By John T. Addison, Paul J. J. Welfens (auth.), Professor Dr. Paul J. J. Welfens, Professor Dr. John T. Addison (eds.)
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Extra info for Labor Markets and Social Security: Wage Costs, Social Security Financing and Labor Market Reforms in Europe
0 Q. = ~ .... = '< ~ -a= ~ "CI 0 .... = "'! ' W tv ~ 3(\) (\) ~ ",' ~ 0, '" :.. g 1:; t>J SJ· ~ ::! (\) ~ -[ (\) ~ e.. ,l:! 24 Labor Markets and Social Security Most remarkable is the difference in employment growth performance between the various European countries during 1983-93, which roughly parallels the record of unemployment decline. By and large, the countries with high employment growth were also the ones with declining unemployment rates. , faster than output and thus implying a decline of average output per worker.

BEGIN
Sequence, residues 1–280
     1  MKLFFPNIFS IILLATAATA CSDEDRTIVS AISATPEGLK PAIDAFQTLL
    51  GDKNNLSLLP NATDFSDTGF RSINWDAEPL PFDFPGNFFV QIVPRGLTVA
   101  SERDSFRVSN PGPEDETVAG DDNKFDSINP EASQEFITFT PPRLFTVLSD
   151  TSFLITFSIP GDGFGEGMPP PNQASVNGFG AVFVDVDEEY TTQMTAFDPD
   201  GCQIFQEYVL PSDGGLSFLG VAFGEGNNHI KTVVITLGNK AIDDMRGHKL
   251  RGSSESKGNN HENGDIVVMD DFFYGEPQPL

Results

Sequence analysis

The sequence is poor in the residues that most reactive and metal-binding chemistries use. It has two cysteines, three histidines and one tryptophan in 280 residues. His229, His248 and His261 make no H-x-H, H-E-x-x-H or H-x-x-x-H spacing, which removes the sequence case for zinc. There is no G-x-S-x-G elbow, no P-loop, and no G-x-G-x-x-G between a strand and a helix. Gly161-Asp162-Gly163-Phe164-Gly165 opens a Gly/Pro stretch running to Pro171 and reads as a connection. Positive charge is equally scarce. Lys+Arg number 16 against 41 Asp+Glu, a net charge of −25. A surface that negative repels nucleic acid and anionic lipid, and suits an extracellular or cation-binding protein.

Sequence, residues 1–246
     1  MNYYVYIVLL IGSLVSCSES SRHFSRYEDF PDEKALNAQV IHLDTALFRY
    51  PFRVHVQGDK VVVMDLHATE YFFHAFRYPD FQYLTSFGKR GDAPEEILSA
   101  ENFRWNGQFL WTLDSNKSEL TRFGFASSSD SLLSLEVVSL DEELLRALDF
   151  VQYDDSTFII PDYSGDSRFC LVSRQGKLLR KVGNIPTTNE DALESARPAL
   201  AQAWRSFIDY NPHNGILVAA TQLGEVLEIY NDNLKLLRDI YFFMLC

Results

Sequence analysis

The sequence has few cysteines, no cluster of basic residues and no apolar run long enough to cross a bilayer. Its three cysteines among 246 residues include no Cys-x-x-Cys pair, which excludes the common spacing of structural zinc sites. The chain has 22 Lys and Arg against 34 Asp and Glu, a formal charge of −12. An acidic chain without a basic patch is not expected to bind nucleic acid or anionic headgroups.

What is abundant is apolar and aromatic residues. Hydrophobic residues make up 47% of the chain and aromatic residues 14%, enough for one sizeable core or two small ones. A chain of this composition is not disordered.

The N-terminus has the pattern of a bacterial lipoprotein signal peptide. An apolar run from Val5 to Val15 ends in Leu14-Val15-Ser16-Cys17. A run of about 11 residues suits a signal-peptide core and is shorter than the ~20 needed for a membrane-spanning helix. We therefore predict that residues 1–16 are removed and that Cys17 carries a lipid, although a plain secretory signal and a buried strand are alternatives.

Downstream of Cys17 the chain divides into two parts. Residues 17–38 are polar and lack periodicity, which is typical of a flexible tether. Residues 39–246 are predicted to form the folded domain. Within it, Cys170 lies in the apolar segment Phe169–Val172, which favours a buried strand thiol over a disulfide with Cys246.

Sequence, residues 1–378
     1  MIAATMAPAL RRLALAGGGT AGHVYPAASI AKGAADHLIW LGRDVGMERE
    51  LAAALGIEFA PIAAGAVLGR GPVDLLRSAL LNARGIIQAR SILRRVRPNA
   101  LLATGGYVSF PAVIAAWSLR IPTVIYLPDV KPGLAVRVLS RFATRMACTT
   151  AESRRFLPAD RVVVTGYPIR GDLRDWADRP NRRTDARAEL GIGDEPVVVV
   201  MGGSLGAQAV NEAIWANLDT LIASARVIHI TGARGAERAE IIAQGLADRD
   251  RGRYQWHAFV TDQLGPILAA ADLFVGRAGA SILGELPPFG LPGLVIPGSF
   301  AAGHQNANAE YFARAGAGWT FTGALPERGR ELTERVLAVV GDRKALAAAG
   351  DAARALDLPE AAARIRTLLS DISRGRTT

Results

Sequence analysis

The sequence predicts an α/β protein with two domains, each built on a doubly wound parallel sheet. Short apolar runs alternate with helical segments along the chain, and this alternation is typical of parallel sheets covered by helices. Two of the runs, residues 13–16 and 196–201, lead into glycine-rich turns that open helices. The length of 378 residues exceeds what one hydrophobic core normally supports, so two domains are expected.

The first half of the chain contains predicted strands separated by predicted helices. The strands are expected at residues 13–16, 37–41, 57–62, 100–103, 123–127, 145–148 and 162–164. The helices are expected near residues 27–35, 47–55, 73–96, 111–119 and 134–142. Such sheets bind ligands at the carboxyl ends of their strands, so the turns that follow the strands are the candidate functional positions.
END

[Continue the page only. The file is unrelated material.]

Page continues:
7 Including or excluding the three countries scarcely affects the relevant correlation coefficient. 8 It is particularly relevant for western Germany where an ever increasing share of long-term unemployed persons (in the early 1990s, roughly 40 percent) had an age of 55 years or above. 9 The partial exception was Germany where - due to a long-standing currency undervaluation within the Bretton-Woods system - the strongly export-oriented manufacturing sector managed even to increase employment in relative terms until the mid-1960s.
173, Tab. I, for quantitative evidence on this point for the case of West Germany. 16 See EMERSON (1988). 77-168. , PAQUE 1994, pp. 19-28). Note that the proposal was originally designed with the institutional setting of Germany in mind. However, as it is presented here, it is likely to be applicable to other European countries as well. , PHELPS (1994), SNOWER (1994). 20 Also, casual exchanges with managers from personnel departments strongly support this point. 21 One such assumption is that the search intensity of long-term unemployed persons is greater than that of an already employed person receiving the same net income, so that the latter is less likely to 'notice' the emerging better-paid job opening.